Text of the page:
China's navy will on Tuesday begin annual military exercises off its east coast, state media reported, amid tensions over maritime territorial disputes with its neighbours.
"According to our annual plan for exercises, the Chinese People's Liberation Army's navy will in the coming days hold exercise activities in the waters near the Zhoushan islands," the ministry said in a statement on Monday.
The ministry provided no other details on the war games.
But the China Daily said the live fire naval exercises would start on Tuesday and last for six days.
The Zhoushan islands lie in the East China Sea not far from the coastal city of Shanghai. The China Daily said the exercises would not be held in any waters also claimed by another country.
Last week, the ministry announced a ban on shipping and fishing vessels entering the designated exercise area, the paper said.
The exercises come after Japanese Prime Minister Yoshihiko Noda said Saturday that Japan was considering buying a chain of islands at the centre of its bitter territorial dispute with China and Taiwan.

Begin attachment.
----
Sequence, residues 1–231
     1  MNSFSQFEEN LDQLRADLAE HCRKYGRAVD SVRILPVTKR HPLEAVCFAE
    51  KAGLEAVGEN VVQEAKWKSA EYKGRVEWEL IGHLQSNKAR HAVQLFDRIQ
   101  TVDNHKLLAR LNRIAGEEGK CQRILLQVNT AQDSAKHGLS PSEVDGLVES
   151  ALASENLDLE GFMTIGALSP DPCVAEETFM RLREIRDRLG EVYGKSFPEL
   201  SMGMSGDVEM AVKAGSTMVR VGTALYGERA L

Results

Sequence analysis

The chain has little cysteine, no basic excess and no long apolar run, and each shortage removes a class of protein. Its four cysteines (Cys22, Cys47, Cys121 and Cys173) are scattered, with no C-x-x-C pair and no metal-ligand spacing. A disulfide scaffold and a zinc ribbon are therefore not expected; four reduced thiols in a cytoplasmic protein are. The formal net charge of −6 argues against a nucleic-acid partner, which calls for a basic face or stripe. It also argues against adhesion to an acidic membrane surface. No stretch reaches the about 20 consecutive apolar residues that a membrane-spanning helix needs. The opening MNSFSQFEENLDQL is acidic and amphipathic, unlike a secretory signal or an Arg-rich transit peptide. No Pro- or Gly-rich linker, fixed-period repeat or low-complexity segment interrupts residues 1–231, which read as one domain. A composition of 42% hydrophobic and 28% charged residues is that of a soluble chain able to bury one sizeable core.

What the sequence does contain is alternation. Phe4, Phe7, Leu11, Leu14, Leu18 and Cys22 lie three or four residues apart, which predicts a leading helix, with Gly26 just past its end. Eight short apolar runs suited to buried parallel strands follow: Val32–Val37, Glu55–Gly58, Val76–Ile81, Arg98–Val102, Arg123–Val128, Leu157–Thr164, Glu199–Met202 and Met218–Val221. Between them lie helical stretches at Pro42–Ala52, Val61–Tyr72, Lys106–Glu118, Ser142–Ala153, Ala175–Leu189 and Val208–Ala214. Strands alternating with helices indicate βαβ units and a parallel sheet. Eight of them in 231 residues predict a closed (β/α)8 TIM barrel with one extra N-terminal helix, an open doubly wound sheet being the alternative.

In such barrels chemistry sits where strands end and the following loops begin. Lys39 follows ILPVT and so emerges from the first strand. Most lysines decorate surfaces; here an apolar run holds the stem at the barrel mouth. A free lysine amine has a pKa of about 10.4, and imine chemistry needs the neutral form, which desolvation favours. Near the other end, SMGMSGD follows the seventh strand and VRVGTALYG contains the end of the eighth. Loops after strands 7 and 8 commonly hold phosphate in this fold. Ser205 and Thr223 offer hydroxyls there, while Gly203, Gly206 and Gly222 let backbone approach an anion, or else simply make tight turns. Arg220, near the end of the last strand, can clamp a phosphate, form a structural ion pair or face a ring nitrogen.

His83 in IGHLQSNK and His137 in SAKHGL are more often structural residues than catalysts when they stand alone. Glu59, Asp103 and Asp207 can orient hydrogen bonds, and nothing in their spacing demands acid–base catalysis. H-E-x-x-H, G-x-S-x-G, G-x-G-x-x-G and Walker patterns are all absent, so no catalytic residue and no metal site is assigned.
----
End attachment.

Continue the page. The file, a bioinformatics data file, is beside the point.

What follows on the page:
Those islands in the East China Sea are called Senkaku in Japanese and Diaoyu in Chinese, and are further to the east than the area where the imminent naval exercises are being planned.
China reacted angrily to Noda's remarks, as both governments reiterated their claims over the islands.
China is locked in similarly tense disputes with Vietnam and the Philippines in the neighbouring South China Sea.
Vietnam and the Philippines have accused China of increasingly aggressive behaviour in the area.
China claims essentially all of the South China Sea, home to vital shipping lanes and believed to be rich in oil and gas deposits. Taiwan and Brunei and Malaysia also have claims in the waters.